The property owners and merchants in downtown Squamish have voted overwhelmingly to revitalize their district and to establish a formal group of stakeholders to lead the project.
The downtown area of Squamish has been a topic of heated debate for several years and other developments in Squamish such as the waterfront development and the approval of a new Wal-Mart store have only helped intensify that debate.
Last Monday approximately 100 people met with Squamish Councillor Jeff Dawson and Dan McRae from Community Futures to discuss the results of a survey conducted in the downtown area.
The survey included the opinions of 130 people, 73 per cent of those people were tenants.
The survey clearly reflected a desire to work on the aesthetics and attractions in the downtown area, but it also highlighted a dramatic downturn in business confidence.
In question two of the survey the interviewees were asked to rate the business environment in downtown Squamish and 38 per cent of them said it was "weak"; 30 per cent said it was "very weak".
Many of the people surveyed said they wanted their businesses to have complete "facelifts", some wanted to renovate and others wanted to look at the possibility of demolishing the buildings.
Big picture developments such as the Olympics and Highway 99 upgrades were discussed as well as pricing and lengthening the hours of operation to better cater to tourists.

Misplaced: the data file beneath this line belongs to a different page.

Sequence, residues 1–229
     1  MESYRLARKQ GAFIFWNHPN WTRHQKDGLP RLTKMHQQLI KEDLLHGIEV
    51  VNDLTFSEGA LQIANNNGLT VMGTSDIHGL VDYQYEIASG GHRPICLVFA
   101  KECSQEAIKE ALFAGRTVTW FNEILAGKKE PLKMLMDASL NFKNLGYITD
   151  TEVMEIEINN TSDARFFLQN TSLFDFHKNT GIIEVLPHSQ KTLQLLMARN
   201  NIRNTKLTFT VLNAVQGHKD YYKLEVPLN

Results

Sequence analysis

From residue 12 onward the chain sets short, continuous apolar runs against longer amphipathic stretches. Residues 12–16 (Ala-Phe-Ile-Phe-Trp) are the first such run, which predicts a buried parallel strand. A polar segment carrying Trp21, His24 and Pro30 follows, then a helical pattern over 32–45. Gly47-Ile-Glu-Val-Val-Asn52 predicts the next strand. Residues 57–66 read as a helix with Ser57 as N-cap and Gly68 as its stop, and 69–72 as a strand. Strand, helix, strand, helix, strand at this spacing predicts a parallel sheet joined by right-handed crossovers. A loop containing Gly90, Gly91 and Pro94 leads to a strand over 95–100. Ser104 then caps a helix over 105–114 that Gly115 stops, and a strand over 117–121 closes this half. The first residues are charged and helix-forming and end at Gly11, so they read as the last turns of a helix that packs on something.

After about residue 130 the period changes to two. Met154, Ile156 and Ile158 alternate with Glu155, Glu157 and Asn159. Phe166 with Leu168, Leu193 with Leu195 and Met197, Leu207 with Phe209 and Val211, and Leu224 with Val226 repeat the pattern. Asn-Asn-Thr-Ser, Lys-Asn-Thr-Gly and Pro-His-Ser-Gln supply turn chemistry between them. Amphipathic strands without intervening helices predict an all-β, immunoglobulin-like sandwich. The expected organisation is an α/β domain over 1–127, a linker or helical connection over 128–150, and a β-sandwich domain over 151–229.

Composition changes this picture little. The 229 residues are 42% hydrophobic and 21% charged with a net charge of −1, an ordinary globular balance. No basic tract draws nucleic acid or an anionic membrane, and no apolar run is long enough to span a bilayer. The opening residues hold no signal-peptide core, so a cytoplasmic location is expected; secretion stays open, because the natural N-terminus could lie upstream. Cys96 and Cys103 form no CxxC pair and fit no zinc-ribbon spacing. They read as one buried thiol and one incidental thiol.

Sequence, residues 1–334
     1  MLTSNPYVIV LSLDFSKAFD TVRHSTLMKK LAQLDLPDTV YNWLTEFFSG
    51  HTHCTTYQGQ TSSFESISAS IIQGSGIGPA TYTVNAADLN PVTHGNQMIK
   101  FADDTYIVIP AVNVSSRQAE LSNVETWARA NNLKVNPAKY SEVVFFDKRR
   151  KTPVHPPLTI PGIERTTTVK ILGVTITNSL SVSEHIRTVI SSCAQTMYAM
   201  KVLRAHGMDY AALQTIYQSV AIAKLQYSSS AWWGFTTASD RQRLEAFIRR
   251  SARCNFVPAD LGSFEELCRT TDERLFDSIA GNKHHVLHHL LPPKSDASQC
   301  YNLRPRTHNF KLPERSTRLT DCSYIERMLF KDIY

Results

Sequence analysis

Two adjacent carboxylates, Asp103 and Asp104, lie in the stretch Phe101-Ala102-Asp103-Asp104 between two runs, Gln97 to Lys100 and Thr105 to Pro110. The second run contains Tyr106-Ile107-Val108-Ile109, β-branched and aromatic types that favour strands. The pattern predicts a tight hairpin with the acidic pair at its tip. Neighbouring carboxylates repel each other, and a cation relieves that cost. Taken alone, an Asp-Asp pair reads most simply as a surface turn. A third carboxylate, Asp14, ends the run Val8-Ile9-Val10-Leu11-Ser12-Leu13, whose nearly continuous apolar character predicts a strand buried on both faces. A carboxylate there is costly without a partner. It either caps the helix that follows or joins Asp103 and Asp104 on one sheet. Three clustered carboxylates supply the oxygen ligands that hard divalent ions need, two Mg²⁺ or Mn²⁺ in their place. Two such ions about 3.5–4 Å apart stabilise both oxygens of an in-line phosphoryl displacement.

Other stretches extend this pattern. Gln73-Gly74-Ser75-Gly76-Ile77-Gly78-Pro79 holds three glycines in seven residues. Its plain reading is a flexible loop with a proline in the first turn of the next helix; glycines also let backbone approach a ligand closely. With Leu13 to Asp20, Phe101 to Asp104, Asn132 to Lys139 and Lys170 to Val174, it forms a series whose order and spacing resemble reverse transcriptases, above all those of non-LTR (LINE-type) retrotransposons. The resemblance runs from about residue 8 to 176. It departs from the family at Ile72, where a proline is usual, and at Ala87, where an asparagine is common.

But other, more detailed plans concerning the downtown experience were also recorded in the survey, such as the idea of building a weir on Blind Channel so tourists would not have to withstand the stench of the mud flats when the tide is out.
McRae said once the project was refined it would be financially supported by the federal governments Western Economic Diversification initiative.
"The first step now is for some more broader based community consultation and a strategic plan," McRae said.
"The vast majority of people who came to the meeting put their names on a contact sheet to be involved with the process so there was a tremendous amount of support there.
"The first thing we had to do was conduct a study to get some opinions and to see if there was some consensus to revitalize the downtown.
"Now that we know how people feel we can start working on the next steps and I think its important this happens relatively quickly."
McRae said the most pleasing aspect of the survey and the meeting was that people were open and willing to share new ideas.
"I think the most positive thing is that people are working together and creating relationships and theyre the fundamental building blocks in a project like this."
Jane Iverson, who is a merchant in the downtown area and a community activist, said the survey and the meeting last Monday represented a positive approach to fixing the downtown.
"One of the messages that was very clear is that we must define our uniqueness," Iverson said.
"We need to build something that the community is proud of and if the community likes it, everybody will like it."
Iverson said there could be no doubting the support for a revitalization plan and the desire for the formation of an organizing body.
"The focus is now on what we can do and not on what we cant change," she said.
"But we need some kind of formal organization (to lead the downtown initiative) and we need someone to co-ordinate it because the merchants are often too busy just being merchants."
The next meeting concerning the downtown district of Squamish is expected within the next two months.
Meantime, the same kind of revitalization project is also happening in Pemberton. The next meeting on that project will be on Tuesday, April 13 in the Pemberton Community Hall at 6.30 p.m.
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